Beaver Fur Top Hat

Often when we think of the Colonial period of American history, we think only life within the bounds of those first thirteen colonies and the obvious birth pains that brought about Colonial independence. But without the fur trade that was pressing exploration further into the continent, many of those birth pains might not have existed for many more generations.

Early on, the British were content to control the land east of the Appalatians, and France remained to the north, while Spain was more concerned with the Gulf Coast. But as the desire grew back in Europe for more fur, those countries began to expand their horizons beyond their small settlements and to push against one another. This is just the beginning of the fur trade story that led to the final settling of North America.

The era of the fur trade is one that resonates deeply with me, and it's part of the reason I wrote Mist O'er the Voyageur, my 2019 Selah Award finalist and 2-time Book-of-the-Year nominee. Now I have cause to celebrate that I've signed a contract for the sequel that will be published in a little over a year. Song for the Hunter will continue the story begun in Mist O'er the Voyageur, and it will further explore the people and practice of the fur trade in the Lake Superior region in 1807.

In the months ahead, as I work on edits and rewrites for my publisher, I'll also share more history of the fur trade that helped shape Colonial America and beyond, and I'll cover some aspects that I didn't during the writing and production of Mist O'er the Voyageur.

Stay tuned...

And while I have you here, please share my further joy as I celebrate my post-WWII farm girl romance THE LOVE COWARD that releases TODAY.




I wish you a full heart and many reasons to be grateful this Thanksgiving season.
Naomi
https://naomimusch.com/


Friday, October 23, 2020

History I Shouldn't Write - Vol. VI


I've been having a discussion on the History I Shouldn't Write - Vol IHistory I Shouldn't Write - Vol II, History I Shouldn't Write - Vol III, History I Shouldn't Write - Vol IV, and History I Shouldn't Write - Vol V. I've talked about how research unveils truths that may not be popular or palatable in our modern culture.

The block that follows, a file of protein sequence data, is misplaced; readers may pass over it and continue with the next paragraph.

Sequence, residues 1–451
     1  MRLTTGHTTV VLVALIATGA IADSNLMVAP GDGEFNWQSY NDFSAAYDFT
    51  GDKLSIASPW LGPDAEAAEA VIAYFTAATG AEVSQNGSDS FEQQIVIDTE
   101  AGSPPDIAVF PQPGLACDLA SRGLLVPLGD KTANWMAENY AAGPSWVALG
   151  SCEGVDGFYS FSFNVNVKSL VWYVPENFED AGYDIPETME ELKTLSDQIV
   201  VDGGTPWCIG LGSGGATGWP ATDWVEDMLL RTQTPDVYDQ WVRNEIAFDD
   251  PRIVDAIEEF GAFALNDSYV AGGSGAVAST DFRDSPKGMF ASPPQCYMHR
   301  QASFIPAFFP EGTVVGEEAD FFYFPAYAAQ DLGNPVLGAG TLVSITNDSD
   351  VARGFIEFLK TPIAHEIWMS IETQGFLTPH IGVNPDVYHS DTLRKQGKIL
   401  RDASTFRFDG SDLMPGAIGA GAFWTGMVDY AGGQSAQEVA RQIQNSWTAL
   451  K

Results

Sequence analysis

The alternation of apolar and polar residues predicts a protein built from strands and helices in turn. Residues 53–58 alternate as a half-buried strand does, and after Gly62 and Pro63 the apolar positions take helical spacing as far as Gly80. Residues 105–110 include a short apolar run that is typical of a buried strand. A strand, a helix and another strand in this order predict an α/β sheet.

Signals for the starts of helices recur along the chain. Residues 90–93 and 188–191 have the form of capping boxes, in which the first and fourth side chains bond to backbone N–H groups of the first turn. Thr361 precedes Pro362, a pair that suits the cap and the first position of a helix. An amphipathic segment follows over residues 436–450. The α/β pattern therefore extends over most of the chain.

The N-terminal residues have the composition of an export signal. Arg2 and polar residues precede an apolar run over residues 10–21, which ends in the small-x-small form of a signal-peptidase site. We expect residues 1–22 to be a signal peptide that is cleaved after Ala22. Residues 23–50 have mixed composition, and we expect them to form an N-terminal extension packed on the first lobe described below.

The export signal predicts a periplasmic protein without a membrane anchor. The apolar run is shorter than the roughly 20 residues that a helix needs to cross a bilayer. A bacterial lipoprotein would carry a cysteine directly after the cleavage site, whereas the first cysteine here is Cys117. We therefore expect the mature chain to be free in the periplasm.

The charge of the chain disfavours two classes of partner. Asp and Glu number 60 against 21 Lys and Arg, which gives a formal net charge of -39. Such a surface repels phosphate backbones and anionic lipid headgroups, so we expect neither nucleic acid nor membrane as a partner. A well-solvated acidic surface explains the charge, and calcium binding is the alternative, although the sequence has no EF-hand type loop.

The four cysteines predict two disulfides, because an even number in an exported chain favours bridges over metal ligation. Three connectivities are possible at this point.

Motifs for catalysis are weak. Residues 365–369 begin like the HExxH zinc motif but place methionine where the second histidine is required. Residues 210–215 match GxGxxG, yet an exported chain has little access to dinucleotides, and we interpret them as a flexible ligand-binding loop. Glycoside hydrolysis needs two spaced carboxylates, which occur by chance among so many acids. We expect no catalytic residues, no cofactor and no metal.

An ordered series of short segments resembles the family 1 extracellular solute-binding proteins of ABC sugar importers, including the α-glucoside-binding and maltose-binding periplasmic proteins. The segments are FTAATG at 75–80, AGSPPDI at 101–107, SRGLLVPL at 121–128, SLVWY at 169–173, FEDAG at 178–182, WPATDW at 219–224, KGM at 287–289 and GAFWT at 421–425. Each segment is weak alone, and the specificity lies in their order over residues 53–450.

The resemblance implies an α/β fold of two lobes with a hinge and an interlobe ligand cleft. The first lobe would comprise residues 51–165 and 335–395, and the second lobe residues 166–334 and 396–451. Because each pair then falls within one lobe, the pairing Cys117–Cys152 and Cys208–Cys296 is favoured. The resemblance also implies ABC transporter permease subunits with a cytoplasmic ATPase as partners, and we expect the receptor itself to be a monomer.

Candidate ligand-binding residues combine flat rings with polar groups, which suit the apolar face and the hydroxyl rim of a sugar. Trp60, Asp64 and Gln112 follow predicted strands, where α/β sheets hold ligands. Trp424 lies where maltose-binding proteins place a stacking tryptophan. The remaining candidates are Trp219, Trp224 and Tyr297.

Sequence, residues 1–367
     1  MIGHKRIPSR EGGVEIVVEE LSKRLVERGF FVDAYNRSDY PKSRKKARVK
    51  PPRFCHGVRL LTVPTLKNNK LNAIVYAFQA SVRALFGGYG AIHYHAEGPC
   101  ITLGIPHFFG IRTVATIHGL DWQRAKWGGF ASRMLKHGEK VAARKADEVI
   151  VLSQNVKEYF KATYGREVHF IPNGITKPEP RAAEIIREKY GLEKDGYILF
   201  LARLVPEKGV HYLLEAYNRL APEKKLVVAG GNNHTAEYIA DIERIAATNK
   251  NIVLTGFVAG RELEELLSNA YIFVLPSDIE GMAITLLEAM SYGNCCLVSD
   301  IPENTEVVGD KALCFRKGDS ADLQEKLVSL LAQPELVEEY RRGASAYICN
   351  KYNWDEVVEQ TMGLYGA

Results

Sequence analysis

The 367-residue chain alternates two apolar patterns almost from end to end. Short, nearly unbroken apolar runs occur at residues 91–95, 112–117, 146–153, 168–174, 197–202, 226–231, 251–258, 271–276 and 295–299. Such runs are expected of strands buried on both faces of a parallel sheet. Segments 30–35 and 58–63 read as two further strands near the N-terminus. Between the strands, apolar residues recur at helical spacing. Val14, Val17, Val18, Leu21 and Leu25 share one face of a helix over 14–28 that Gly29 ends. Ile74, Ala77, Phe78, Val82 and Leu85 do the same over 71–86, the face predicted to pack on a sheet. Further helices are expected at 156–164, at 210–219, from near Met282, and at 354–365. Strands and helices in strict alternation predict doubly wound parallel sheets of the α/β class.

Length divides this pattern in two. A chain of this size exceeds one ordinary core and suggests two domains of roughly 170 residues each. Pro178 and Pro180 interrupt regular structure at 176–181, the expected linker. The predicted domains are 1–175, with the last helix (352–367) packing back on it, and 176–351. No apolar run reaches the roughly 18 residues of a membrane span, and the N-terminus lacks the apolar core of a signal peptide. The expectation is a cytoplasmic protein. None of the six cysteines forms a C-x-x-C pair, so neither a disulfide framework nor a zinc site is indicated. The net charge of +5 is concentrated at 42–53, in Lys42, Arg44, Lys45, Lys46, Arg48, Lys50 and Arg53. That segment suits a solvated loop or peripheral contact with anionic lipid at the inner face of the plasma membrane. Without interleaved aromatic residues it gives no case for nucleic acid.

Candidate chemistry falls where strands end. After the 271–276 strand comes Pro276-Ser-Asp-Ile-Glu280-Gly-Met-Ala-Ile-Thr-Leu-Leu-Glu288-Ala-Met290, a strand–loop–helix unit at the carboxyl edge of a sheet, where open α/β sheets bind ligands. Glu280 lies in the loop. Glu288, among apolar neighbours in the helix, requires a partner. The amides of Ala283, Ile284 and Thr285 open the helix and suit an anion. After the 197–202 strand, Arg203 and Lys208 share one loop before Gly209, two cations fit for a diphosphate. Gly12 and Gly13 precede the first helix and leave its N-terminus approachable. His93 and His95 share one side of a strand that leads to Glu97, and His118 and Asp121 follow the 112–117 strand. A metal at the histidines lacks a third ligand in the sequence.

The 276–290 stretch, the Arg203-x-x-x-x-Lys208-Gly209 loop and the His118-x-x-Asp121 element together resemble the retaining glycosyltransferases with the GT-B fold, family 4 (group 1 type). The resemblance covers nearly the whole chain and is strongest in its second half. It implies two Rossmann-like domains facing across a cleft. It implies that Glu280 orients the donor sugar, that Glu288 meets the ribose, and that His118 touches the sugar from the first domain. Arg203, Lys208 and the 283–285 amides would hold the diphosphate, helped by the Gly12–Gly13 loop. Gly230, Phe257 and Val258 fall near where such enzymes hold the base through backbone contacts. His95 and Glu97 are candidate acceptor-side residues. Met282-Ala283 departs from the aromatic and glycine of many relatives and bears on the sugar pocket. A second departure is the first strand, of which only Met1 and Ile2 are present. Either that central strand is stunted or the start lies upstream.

"So, Pegg, why do you hate Native Americans?"


D8 Lesson 6 Native Americans of the Northeast - YouTube

I can almost hear that question shouted from those who have followed this series to this, its final installment. Many of you are finding yourselves uncomfortable because it is an uncomfortable topic. It's hard to face what "everyone knows" about history and try to see it in a more balanced and realistic light. It's hard to let go of misconceptions that we've nourished for most of our lives.

I don't hate Native Americans. Not at all. There is much about their culture to admire. Historically, many of their people were as noble and good as people in any culture around the globe. Contemporarily, many of their people are adding to the advances and innovations that will keep our country moving forward into the next century.

But the presentation of "The Noble Redman" as some sort of a stereotypical victim of the European invaders is more fiction than truth. Were they treated badly by the British in the mid-1700s? It depends. The answer is too long for this blog post. Both sides did their share of wrong, and both sides had leaders who worked hard to bring the two cultures together. As with all of history, there are more shades of gray than black and white. It's not my job to defend or condemn either side.

So I'm not hating on, or picking on, or otherwise demeaning this people group. I am studying it for purposes of learning the truth and writing better books. What I don't like is history colored with a modern-day bias.


History is what it is.

It's not something you can change. It's not something you should try to justify or excuse or promote for any reason other than the truth. Our ancestors made a lot of mistakes - in every culture. We can either learn from those mistakes, or we can bury them and create a more palatable version of the "truth." If we do the latter, it leaves us with a "truth" we can't trust. A "truth" we can't learn from. And a "truth" that may cause us to repeat mistakes we should have learned from.

During this research journey, I've decided to pick my battles with the truth in my books carefully. While it's allowable - even expected - for the author to beat up on the Europeans when writing about this time period, I feel like it skews the history - and therefore the story - if the reader only sees the evil or the good of one side.

Some things I've written about in this series will get mentioned, or be known to have happened off-screen, even though they'll make some people uncomfortable. They have to be to strike the balance of truth. But I will not use such things in a gratuitous way to gin up controversy in the hopes of creating shock value for selling more books. For me, that would also be an abuse of history.